Energy from the sun: The solar revolution is here

The device that you are using to read this blog has more computing power than NASA had when they put a man on the moon. Since that time, there has been an exponential growth in the power and an exponential reduction in the size and cost of computing. Solar power, battery storage and electric vehicles are on a similar curve. Throw driverless vehicles into the mix and you have a clash of four inherently disruptive technologies that will transform the energy sector much faster than most people think is possible.

Since the dawn of the industrial revolution, the cost of energy has been driven by the cost of fuel. But an historic shift has taken place. Energy is no longer derived from fuel. It is derived from technology. Over time, fuel costs will tend to go up as lower cost reserves are exploited first. Over time, technology costs come down due to innovation and the learning curve.

As Tony Seba explains so clearly in his book “Clean Disruption of Energy and Transportation”, the solar industry has doubled in size every two years for the past twenty years, coupled with a relentless march down the cost curve. This is an exponential growth rate which, if it continues, could see 100% of the world’s energy needs met by solar in just 14 years’ time. Of course, it isn’t just going to happen like that, but it indicates the trajectory of the technological revolution that has been unleashed in the energy sector.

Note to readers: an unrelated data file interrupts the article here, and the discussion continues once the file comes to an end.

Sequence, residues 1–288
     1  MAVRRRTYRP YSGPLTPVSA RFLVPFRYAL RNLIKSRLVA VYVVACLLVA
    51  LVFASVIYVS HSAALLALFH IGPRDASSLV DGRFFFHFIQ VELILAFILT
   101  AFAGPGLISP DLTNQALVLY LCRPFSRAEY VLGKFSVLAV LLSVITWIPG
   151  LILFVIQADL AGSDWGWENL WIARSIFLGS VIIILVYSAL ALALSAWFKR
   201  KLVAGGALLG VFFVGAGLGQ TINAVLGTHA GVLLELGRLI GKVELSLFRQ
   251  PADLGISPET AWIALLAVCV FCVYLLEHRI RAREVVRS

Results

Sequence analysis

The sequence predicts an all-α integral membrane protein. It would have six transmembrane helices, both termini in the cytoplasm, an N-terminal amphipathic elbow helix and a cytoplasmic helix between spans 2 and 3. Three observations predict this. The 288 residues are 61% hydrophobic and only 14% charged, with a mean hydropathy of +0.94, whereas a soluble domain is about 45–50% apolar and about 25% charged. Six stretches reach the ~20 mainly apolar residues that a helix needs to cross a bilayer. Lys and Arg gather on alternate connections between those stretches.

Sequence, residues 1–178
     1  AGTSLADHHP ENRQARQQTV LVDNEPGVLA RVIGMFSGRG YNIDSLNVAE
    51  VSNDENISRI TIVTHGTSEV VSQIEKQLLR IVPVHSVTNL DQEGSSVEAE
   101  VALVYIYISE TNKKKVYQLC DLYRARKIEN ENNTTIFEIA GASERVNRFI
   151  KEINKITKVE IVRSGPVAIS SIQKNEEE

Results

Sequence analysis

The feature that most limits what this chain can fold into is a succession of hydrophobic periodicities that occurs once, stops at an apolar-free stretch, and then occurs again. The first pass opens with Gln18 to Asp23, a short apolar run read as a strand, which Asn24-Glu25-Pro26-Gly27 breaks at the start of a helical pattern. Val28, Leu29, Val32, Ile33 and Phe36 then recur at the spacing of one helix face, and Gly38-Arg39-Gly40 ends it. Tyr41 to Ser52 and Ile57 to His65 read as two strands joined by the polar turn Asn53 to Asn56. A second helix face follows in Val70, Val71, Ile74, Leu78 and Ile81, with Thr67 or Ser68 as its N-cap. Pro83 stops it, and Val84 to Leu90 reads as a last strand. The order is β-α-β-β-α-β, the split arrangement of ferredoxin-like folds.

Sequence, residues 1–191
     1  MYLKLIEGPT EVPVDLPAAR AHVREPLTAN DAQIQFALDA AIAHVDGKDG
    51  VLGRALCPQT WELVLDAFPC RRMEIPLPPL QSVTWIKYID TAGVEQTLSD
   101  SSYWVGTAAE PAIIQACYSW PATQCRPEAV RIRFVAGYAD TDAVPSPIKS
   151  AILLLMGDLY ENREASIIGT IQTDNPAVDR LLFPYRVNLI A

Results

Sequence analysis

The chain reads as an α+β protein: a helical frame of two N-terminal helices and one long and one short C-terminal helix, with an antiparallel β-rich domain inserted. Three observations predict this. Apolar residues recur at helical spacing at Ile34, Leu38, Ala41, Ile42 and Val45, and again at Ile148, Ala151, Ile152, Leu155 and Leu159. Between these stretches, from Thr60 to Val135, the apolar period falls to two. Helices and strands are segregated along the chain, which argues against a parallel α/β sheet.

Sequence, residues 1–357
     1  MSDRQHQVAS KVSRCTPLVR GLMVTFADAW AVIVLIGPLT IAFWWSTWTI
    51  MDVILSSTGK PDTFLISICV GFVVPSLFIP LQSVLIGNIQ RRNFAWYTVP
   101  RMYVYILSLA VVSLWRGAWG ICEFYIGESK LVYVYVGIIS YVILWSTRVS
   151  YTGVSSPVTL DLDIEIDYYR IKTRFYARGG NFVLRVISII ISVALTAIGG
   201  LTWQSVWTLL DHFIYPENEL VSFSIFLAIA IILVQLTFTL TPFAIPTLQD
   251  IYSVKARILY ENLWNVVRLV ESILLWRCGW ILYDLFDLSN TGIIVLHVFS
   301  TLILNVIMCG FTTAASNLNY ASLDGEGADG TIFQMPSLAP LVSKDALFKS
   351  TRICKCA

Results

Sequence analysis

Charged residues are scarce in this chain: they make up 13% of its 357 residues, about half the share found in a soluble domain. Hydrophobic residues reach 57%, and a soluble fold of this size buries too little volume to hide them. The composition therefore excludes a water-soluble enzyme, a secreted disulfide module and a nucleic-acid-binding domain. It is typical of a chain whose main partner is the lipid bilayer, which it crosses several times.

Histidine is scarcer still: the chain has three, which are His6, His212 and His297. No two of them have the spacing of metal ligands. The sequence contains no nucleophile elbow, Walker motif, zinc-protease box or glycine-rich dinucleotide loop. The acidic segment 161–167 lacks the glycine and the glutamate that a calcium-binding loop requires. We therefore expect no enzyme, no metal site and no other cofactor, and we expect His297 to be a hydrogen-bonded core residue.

According to Bloomberg New Energy Finance, the levelised cost of onshore wind has fallen 50% since 2009. Solar PV module costs have fallen a staggering 80% since 2008. In May 2016 a new record was set for unsubsidised solar with a project in Dubai setting the cost at 2.99 cents per kWh.

But the energy disruption isn’t just about the cost of energy generation. It is also about quality of service, about business models, finance and the de-coupling of energy and mobility services from fossil fuel use. Uber has disrupted the taxi industry. They’re now betting big on electric autonomous vehicles – as are google and apple. Indeed, Apple is spending more on research and development into driverless electric vehicles than they spent on the apple watch, ipad and iphone combined. Staggeringly, Apple’s R&D spending on cars outstrips that of the average big auto maker by 20:1.

Kodak didn’t see digital cameras coming (despite inventing them) just like Peabody seemed to think that the coal industry would keep growing for ever. Both companies have joined a long list of bankrupt companies that failed to adapt to a rapidly changing world. Tony Seba makes the point that it is the incumbent industry experts that are often the last to see the disruptive change coming.

It is clear that we’re entering an era of profound energy disruption. But we’re in a race against time to cut greenhouse pollution before we trigger climatic disruption of an even more profound nature.

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